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Blocking ICC/IF

Related Links

Fluorochromes Selection for Multicolor ICC/IF

Sample Preparation for ICC/IF Experiments

Fixation & Permeabilization

Blocking for ICC-IF Assay

Antibody Selection in ICC/IF

Detection Methods for ICC IF

Controls for ICC/IF Experiments

Counterstaining & Mounting

Useful Links

Multicolor ICC/IF Protocol

Troubleshooting ICC/IF

Secondary Antibodies

Organelle Markers Guide

View all protocols

ICC Handbook

What is the purpose of blocking step in ICC/IF?

In ICC/IF, antigen detection is dependent on specific binding of the antibody to its epitope. This binding, in turn, is governed by hydrophobic interactions, ionic interactions, hydrogen bonding, and other intermolecular forces. Besides facilitating specific antigen-antibody binding, the same attractive forces/bonds can also contribute to non-specific binding. The blocking step minimizes non-specific interactions that result in the background and false-positive staining (artifacts). It is important to use reagents and blocking conditions that reduce nonspecific binding while having a negligible impact on specific antigen-antibody binding.

What are the Most Critical Considerations for Blocking Buffers?

  1. Blocking buffer should contain heat-inactivated normal serum from the same species as the host of the secondary antibody. Other, less preferred, blocking agents include fetal calf serum (FCS), bovine serum albumin (BSA), casein protein, non-fat dry milk, and gelatin.
  2. To facilitate entry into the cell and to minimize the effects of non-specific hydrophobic interactions, it is essential to add a non-ionic detergent (Triton X-100 or Tween 20) to the blocking buffer, antibody diluent, and wash buffers. Blocking buffers commonly contain 1X PBS with 0.1% Triton X-100 (PBS-T).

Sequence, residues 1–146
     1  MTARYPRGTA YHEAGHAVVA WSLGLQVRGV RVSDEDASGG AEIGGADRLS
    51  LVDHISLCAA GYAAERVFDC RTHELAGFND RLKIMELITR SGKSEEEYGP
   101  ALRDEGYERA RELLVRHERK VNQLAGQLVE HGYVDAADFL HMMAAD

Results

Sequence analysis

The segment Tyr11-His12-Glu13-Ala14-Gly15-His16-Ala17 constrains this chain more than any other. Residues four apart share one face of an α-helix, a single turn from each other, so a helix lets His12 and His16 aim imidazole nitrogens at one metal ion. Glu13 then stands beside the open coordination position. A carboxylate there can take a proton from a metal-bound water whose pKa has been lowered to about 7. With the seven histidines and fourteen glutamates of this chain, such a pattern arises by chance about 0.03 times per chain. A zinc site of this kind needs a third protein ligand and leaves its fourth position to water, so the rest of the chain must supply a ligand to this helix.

3. To reduce non-specific ionic interactions, we recommend increasing the ionic strength of the fixative and/or the antibody diluent. However, this is not recommended for buffers containing monoclonal antibodies, which recognize a single epitope, because it may negatively impact binding affinity

Composition of Blocking Buffers

Blocking Agent

User Notes

Normal serum

Serum is typically diluted to a final concentration of 5-10 % in PBS-T. In indirect detection, serum should be from the same species as the host of the secondary antibody or in the case of direct detection, goat serum can be used.


BSA is commonly dissolved to a final concentration of 1-5 % in PBS-T. It is important to use BSA, free of endogenous IgG molecules as they tend to cross-react with secondary antibodies and cause an increase in background signal.

Milk Powder

Non-fat milk powder is dissolved in PBS-T to a final concentration of 1 %. Blocking with milk is not recommended for detection of phosphorylated proteins due to the high content of phosphoproteins which can interfere with staining and contribute to high-background staining.